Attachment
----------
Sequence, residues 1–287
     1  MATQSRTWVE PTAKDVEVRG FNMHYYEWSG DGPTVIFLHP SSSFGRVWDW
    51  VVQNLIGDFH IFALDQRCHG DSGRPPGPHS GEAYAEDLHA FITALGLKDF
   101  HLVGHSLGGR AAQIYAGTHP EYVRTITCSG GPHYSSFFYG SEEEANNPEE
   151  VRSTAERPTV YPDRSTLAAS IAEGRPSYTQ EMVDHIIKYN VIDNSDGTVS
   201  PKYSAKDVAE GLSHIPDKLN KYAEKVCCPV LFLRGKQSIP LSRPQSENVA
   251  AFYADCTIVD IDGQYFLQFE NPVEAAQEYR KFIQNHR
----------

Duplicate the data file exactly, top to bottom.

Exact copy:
Sequence, residues 1–287
     1  MATQSRTWVE PTAKDVEVRG FNMHYYEWSG DGPTVIFLHP SSSFGRVWDW
    51  VVQNLIGDFH IFALDQRCHG DSGRPPGPHS GEAYAEDLHA FITALGLKDF
   101  HLVGHSLGGR AAQIYAGTHP EYVRTITCSG GPHYSSFFYG SEEEANNPEE
   151  VRSTAERPTV YPDRSTLAAS IAEGRPSYTQ EMVDHIIKYN VIDNSDGTVS
   201  PKYSAKDVAE GLSHIPDKLN KYAEKVCCPV LFLRGKQSIP LSRPQSENVA
   251  AFYADCTIVD IDGQYFLQFE NPVEAAQEYR KFIQNHR